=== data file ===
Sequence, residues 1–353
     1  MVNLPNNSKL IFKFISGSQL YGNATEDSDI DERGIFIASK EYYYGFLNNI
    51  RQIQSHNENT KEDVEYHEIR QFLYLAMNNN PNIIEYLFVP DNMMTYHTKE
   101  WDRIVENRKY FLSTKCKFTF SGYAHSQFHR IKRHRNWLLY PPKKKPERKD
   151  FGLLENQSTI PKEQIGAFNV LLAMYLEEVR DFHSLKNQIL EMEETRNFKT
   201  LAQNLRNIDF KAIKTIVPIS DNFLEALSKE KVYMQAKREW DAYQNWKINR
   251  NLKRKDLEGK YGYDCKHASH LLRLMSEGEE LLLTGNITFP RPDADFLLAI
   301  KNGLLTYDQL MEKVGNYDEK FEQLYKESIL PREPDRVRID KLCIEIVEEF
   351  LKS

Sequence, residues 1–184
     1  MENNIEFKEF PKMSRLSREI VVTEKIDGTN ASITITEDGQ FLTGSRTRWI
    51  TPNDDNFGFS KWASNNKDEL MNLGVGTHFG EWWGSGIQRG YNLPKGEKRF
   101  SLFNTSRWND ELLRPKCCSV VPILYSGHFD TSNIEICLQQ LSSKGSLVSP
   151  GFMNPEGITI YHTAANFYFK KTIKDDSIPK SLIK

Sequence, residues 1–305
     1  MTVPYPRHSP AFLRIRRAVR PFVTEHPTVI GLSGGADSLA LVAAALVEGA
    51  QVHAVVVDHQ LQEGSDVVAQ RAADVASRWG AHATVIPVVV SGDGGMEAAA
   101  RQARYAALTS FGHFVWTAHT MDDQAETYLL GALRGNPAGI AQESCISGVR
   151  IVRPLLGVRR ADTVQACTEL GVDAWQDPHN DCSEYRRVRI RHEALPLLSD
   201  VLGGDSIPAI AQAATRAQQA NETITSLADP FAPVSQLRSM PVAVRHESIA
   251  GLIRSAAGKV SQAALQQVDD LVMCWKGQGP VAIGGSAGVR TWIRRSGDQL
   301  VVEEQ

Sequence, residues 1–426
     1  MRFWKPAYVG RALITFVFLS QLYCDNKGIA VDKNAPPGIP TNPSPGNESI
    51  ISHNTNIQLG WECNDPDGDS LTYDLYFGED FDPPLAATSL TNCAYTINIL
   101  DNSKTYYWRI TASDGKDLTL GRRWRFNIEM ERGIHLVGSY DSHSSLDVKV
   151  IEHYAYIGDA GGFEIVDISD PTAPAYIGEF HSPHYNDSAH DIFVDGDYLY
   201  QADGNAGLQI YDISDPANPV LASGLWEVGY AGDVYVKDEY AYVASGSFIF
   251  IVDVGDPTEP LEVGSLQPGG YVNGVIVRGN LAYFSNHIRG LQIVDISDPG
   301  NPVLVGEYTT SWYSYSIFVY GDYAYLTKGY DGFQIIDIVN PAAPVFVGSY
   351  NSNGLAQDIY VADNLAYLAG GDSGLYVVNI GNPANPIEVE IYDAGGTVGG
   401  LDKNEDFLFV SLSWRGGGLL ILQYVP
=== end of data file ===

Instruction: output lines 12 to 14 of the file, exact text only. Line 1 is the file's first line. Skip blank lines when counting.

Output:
    51  TPNDDNFGFS KWASNNKDEL MNLGVGTHFG EWWGSGIQRG YNLPKGEKRF
   101  SLFNTSRWND ELLRPKCCSV VPILYSGHFD TSNIEICLQQ LSSKGSLVSP
   151  GFMNPEGITI YHTAANFYFK KTIKDDSIPK SLIK